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TDP And Congress' ‘Cup Of Woes’ Continue In Andhra Pradesh And Telangana

After a rout in the recent Lok Sabha elections, the Telugu Desam Party (TDP) under Chandrababu Naidu appears to be on the verge of a split.

TDP And Congress' ‘Cup Of Woes’ Continue In Andhra Pradesh And Telangana
TDP chief and former Andhra Pradesh chief minister N Chandrababu Naidu
TDP And Congress' ‘Cup Of Woes’ Continue In Andhra Pradesh And Telangana
outlookindia.com
2019-06-21T19:41:00+0530

As you sow so shall you reap. This adage aptly applies to former Andhra Pradesh Chief Minister and Telugu Desam Party chief Nara Chandrababu Naidu after four of his party’s Rajya Sabha members joined the BJP.

Among those who switched sides, two members -- YS Chowdary and CM Ramesh -- were Naidu’s confidantes and major beneficiaries in the erstwhile TDP government.

The defections, that too at a time when their party chief is on a holiday in Europe with his family, reminds the way Naidu had engineered the coup against his father-in-law and former Chief Minister late Nandamuri Taraka Rama Rao, a year after party’s resounding victory in 1994 polls. NTR cried for justice for his unceremonious removal as the TDLP leader and chief minister of undivided Andhra Pradesh.

After a rout in the recent Lok Sabha elections, the TDP under Naidu appears to be on the verge of a split. Reports say 15 of 23 MLAs, led by another senior party leader and former minister Ghanta Srinivasa Rao, are set to join the ruling YSRCP.

The TDP, which is the only principal party after the total rout of Congress, is facing an identity crisis.

Many TDP members admit that Naidu’s resolve to promote his son Lokesh as his successor also hurts senior leaders in the party. “Well, if Naidu finds fault with NTR for promoting his wife Lakshmi Parvati, how can we digest his decision to promote his son, a political novice, as his successor?” said a senior party functionary on condition of anonymity.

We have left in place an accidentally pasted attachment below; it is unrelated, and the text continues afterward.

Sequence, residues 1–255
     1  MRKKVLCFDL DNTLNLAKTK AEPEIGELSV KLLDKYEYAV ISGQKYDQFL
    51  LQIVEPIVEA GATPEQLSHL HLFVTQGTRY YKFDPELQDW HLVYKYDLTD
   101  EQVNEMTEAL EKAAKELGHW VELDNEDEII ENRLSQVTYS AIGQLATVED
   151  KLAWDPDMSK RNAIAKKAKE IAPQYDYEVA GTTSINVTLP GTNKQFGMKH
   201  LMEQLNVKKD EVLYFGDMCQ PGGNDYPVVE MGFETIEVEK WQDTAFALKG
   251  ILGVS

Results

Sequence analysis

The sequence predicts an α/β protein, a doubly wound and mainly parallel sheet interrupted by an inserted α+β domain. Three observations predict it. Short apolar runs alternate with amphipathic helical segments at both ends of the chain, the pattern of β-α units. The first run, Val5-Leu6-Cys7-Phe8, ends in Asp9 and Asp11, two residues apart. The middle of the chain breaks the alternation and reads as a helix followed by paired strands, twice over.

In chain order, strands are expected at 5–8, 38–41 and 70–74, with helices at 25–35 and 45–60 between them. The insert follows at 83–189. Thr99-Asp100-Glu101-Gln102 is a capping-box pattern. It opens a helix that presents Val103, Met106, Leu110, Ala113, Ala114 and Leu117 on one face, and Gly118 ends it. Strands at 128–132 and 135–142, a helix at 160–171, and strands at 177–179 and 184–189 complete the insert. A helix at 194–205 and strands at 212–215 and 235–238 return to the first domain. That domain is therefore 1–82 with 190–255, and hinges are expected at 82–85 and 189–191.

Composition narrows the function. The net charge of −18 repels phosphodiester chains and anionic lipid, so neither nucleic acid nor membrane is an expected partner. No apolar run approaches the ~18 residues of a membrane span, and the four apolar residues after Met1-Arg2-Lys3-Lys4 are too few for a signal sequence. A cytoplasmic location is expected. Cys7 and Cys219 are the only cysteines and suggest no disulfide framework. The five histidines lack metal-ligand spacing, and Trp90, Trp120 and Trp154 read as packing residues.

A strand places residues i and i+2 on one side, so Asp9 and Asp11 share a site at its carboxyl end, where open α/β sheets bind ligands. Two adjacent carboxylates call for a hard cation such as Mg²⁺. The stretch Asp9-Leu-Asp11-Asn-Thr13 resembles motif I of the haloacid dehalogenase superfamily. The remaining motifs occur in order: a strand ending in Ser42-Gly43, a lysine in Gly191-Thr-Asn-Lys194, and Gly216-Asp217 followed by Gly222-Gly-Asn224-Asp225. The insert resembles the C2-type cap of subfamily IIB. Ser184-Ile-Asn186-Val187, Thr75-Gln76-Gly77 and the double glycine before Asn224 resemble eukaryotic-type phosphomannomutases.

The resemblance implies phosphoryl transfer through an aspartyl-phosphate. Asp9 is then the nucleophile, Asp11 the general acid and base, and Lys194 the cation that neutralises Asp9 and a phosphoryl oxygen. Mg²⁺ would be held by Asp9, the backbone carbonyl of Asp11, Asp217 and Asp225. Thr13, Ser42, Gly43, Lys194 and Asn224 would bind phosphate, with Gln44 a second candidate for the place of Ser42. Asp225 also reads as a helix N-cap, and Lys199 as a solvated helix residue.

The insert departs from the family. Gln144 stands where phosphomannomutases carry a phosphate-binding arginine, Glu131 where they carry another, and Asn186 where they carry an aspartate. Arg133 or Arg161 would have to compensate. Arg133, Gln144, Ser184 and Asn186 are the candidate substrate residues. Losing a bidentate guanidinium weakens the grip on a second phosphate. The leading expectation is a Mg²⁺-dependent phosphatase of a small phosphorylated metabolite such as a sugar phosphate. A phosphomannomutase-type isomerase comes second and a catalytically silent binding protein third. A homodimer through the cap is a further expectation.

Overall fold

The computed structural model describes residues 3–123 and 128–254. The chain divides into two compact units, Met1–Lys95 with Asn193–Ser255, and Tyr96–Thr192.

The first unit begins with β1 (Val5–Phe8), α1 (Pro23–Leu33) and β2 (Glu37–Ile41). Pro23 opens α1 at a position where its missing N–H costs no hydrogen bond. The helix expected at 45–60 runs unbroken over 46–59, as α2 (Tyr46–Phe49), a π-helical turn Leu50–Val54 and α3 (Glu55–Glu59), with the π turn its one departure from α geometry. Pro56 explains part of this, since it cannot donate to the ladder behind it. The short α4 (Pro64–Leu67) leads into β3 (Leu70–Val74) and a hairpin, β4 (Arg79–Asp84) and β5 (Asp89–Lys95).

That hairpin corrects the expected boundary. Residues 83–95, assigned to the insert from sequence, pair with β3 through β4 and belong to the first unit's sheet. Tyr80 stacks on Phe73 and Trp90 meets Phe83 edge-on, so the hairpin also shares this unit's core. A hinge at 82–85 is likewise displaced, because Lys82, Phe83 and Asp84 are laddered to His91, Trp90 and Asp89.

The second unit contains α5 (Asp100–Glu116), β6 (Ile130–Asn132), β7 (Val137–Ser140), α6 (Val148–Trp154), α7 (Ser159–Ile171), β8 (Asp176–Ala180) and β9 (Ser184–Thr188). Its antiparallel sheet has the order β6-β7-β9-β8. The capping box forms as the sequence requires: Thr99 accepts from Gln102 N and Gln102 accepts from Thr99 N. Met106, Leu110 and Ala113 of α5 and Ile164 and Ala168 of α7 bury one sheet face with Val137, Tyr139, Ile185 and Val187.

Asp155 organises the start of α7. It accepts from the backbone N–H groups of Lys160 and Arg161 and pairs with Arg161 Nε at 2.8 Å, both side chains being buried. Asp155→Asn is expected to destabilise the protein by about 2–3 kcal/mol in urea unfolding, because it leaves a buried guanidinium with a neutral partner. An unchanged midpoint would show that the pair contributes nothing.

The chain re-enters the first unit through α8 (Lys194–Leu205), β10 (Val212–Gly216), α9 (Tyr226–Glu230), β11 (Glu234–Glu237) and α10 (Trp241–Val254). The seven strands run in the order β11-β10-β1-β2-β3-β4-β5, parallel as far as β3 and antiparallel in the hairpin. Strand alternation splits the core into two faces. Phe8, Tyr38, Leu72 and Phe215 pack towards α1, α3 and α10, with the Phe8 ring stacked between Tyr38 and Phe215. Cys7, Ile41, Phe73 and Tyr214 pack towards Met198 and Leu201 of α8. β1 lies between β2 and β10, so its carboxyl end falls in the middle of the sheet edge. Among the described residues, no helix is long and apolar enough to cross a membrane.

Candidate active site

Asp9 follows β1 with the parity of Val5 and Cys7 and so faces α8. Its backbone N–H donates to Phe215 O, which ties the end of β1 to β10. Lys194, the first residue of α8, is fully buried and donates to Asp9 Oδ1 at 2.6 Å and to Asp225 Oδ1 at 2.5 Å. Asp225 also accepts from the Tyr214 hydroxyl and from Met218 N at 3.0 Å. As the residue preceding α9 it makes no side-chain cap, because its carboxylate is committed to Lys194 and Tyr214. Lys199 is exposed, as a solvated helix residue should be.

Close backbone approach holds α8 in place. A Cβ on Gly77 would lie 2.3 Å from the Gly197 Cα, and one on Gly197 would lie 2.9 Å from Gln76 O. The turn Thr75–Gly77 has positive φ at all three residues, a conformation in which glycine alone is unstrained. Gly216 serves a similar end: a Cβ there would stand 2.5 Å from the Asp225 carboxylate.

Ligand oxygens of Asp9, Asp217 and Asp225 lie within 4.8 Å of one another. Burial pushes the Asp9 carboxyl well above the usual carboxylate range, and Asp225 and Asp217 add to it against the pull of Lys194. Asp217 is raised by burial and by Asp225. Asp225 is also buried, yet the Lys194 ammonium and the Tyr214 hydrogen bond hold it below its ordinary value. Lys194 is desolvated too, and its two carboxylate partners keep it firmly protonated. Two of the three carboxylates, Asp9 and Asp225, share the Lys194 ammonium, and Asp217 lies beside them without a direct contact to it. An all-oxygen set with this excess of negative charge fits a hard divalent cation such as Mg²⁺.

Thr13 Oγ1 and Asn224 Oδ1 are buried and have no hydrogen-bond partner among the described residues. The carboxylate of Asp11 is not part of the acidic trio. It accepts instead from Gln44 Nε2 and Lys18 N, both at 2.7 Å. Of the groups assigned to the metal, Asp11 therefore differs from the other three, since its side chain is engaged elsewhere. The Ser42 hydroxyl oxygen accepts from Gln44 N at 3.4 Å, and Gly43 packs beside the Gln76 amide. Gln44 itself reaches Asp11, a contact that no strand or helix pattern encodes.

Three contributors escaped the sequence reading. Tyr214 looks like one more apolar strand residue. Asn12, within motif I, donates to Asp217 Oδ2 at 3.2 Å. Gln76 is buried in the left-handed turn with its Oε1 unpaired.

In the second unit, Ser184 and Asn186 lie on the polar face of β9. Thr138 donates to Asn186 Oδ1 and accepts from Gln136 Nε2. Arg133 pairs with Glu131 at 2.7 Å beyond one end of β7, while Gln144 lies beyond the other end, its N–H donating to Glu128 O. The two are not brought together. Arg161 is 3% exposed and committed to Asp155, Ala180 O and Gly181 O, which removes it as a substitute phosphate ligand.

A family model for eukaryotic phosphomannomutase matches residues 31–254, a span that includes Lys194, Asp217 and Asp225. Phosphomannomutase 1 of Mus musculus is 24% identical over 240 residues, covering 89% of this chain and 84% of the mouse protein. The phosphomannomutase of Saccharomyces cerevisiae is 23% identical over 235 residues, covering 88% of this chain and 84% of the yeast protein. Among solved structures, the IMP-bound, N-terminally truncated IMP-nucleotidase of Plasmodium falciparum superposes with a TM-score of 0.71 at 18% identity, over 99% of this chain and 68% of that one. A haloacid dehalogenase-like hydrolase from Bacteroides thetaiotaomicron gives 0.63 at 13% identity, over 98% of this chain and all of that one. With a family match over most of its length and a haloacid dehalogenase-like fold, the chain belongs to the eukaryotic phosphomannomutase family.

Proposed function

There are also rumours that another Congress member Konda Visweshwar Reddy, who failed to retain his Chevella Lok Sabha seat in 2019 polls, after defecting from TRS to the Congress, may join the BJP. On being asked if he is joining the saffron party, Visweshwar Reddy said, “I enjoy the luxury of taking decisions in the interests of people of my constituency as I have no personal agenda for political gains.”

Many also feel that the BJP is preparing the ground to capture power in 2021 assembly polls in Telangana. The BJP would like to seize the opportunity if the aggrieved leaders in the ruling TRS, as well as some erstwhile TDP leaders who worked for that party since its formation in 1983, choose to switch their loyalty to the saffron party.

Incidentally, the BJP’s decision to admit tainted TDP MPs like Chowdary and Ramesh has raised many eyebrows. “Is it not Modi government which allowed ED and IT officials to conduct a series of raids on properties and residences of these two leaders during polls? If they now decide to join the BJP, does one require anything more to explain their intentions?

“That apart, how can the BJP, which claims it is a ‘party with a difference’, admit such tainted and rogue MPs,” told another senior TDP functionary, who wished not to be quoted.

Meanwhile, TPCC chief Uttam Kumar Reddy says that TRS is targeting the Congress as it has sizeable MLAs to question, with all sorts of promises. “If, our members chose to fall prey, what I can do?” he added.

The credibility of the TDP and the Congress have suffered. Their stock is very low. Their local leadership cannot inspire people. So, their prospects for revival appear bleak. In such a context, the BJP offers them prospects to remain politically relevant. After all, the BJP wants to succeed in its ‘game plan’ or ‘mission target 2022’ to capture these two states, which were Congress or TDP bastions, while it was undivided.

Many old guards in the Congress are optimistic that none can dare ‘kill’ the party as it is like a banyan tree. Septuagenarian Congress leader M Kodanda Reddy says the change of guard at the Centre and state may rekindle party hopes as many youths believe that it’s only the Congress which can protect the country’s secular fabric.

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